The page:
At Formnext Connect, metal 3D printer manufacturer Additive Industries has announced a partnership with Makino to develop process chains for integrating milling operations into a metal 3D printing workflow. To me, this reflects a change in the vision of the 3D printing startup.
Additive Industries‘ market entry into 3D printing was meteor fast and highly impactful. By combining 3D printing operations that were usually done in separate machines and process steps into their integrated machine, parts could be made at lower costs. By removing conveyancing and many different steps, their machines could also give more reliability and repeatability across the process.
Uniquely, Additive Industries focused on serial production, which gave it an edge. The company soon had prestigious customers, such as Airbus, F1 and space companies. We’re seeing some clouds begin to form at Additive Industries, however, as charismatic co-founder and CEO Daan Kersten left the firm and it was essentially taken mostly private by its biggest shareholder. Now, a formerly crisp vision of scaling for series through Additive Industries machines seems muddled, as well.
The company had a small machine that you could use to qualify materials and experiment with and then a modular large system that one could use to print in a highly automated way. They also had a partnership with SMS Group, a giant company that could build you an entire 3D printing factory replete with gas atomization plant. At the time, this was announced as “Additive Industries and SMS Group Team Up for Industrial Manufacturing Serial Production.” SMS would do the integration, atomization and heat treatment. This, coupled with software and software partnerships, seemed like a crystal clear path forward to industrialization.
Now, however, the firm has partnered with milling machine manufacturer Makino to help “develop integrated process chains anticipating on the upscaling of industrialized Additive Manufacturing” signing a letter of intent to do so. So, rather than this being seen as an integrated ecosystem play or “as one more partner joining us,” it is presented as a separate path to industrialization.
The release goes on to state that:
“Instead of treating additive manufacturing of metal parts and post processing as separate processes, the two companies aim to develop a process chain where their technologies seamlessly work together. Additive Industries and Makino will work on the development and commercialization of hybrid process chains supported by the in-depth process know-how and machine design experience of both companies.”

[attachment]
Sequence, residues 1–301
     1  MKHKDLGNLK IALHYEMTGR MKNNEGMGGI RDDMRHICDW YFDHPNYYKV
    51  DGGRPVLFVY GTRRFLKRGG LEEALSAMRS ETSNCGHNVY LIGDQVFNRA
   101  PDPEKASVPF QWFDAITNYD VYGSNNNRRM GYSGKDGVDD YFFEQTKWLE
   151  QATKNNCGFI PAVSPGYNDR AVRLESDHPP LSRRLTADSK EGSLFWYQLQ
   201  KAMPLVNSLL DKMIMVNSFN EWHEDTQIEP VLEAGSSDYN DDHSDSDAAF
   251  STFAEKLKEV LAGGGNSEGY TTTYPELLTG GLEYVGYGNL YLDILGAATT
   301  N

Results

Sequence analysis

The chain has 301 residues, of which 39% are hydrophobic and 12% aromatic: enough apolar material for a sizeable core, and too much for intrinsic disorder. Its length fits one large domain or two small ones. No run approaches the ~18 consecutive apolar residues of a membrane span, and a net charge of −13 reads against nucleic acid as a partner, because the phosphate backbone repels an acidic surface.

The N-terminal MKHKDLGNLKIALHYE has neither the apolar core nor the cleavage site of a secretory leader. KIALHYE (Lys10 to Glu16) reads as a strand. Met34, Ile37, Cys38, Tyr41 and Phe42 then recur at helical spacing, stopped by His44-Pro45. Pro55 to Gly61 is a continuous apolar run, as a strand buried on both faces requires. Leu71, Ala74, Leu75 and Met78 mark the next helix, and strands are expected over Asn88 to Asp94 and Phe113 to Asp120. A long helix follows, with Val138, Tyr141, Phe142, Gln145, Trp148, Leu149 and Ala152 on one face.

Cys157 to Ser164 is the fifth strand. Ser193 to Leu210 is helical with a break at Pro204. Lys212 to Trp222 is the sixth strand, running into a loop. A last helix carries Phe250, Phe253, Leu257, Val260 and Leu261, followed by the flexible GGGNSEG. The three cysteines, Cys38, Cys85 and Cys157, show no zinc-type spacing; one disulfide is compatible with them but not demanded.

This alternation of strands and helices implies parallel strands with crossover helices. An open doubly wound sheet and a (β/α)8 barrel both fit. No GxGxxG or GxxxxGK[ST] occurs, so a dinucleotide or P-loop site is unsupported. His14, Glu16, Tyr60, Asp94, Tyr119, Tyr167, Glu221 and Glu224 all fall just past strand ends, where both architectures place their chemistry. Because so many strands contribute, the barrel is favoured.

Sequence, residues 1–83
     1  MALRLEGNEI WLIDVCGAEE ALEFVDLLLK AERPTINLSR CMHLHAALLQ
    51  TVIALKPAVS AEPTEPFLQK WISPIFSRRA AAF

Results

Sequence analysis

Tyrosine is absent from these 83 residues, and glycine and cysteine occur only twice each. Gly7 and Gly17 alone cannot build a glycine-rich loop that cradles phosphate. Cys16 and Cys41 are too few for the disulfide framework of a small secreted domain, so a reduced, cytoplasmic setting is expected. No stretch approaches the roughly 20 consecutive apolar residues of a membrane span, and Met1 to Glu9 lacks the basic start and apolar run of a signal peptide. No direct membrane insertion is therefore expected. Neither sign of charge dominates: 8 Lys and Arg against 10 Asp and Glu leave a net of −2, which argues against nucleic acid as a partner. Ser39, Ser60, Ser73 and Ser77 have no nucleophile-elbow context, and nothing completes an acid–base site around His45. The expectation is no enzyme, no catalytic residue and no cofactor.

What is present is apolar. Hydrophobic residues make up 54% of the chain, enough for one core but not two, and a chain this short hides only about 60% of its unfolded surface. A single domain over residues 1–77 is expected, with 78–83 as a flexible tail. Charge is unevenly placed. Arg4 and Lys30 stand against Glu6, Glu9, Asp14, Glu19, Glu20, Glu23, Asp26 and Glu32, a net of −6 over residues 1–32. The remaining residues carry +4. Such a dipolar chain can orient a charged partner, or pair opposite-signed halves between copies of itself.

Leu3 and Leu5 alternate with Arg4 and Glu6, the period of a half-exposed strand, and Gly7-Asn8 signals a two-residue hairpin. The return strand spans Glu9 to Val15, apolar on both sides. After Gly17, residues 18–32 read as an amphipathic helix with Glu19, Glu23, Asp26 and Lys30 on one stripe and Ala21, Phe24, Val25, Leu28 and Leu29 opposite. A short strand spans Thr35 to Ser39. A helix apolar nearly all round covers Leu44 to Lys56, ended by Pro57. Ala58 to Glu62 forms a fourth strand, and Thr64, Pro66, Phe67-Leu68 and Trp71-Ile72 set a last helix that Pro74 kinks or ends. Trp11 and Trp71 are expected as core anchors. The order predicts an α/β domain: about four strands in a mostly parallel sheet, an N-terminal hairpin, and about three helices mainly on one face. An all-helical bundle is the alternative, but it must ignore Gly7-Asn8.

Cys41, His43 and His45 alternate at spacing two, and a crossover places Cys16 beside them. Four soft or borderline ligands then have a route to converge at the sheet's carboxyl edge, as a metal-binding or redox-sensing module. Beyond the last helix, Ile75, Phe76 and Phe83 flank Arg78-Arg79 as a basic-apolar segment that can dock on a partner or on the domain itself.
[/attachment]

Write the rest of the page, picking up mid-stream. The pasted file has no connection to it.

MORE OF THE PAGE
Neo Eng Chong, CEO and President of Makino Asia, said:
‘Our engineering teams have established capabilities in complex 5-axis machining applications involving adaptive machining, scanning of components and high accuracy machining. We are very pleased to be working with an industry leader such as Additive Industries to accelerate the industrialization of 3D metal printing. The MetalFAB1 is a product designed for scaling and it’s a privilege to work with Additive Industries for the future of industrial metal additive manufacturing.’
Mark Vaes, CTO of Additive Industries, added:
‘Working together with Makino as global-leader in high-end milling machines we will jointly work on total process solutions for high-end and demanding markets. We are very pleased with the strong partnership with Makino, and proud to be working with their industry leading machining solutions.’
Makino is a $1 billion revenue machine tool company that produces—for us—very relevant, milling machines. It is also one of the rather few companies making electrical discharge machining (EDM) systems. EDM is a widely used finishing process for 3D printed metal parts. Smoothness and surface quality is a huge problem and almost all metal 3D printed parts need some form of post-processing. Makino’s milling and grinding is a way to get there. The firm also has EDM sink, EDM wire and EDM Hole Drilling which is a distinct advantage. Coupled with software and application development expertise, as well as a focus on titanium, they seem like an ideal partner.
It would seem to be a similar move to that which 3D Systems undertook a few years ago with a partnership with GF Machining Solutions. The GF partnership gives 3D Systems access to a lot of machining and surface finishing knowledge and prowess. GF is also an EDM leader (those Charmilles machines you see everywhere are theirs). This makes it very clear that the wire EDM industry has a high interest in us and sees our success as relevant for theirs.
With Sodick making wire EDM machines, as well, and having a 3D printing offering, it is almost conspicuous that firms which also offer EDM, like FANUC, don’t have additive manufacturing partners. For other un-partnered 3D printing companies, the list of global EDM firms with deep pockets is not infinite, so there may be a scramble yet for more partnerships. Meanwhile, there are about ten or so 3D printing companies that can coherently print metal, so this may be something to consider as well.
So, on the one hand, this is a good move by Additive Industries. But, I wish it was more coherent. Is Additive Industries essentially going it alone, with some partners of convenience? Or will the firm have overlapping partners for many roles? Or will it be a one-stop-shop where I can go for my 3D printing factory? Or will it build out one single ecosystem with select partners for select roles? Or what exactly?
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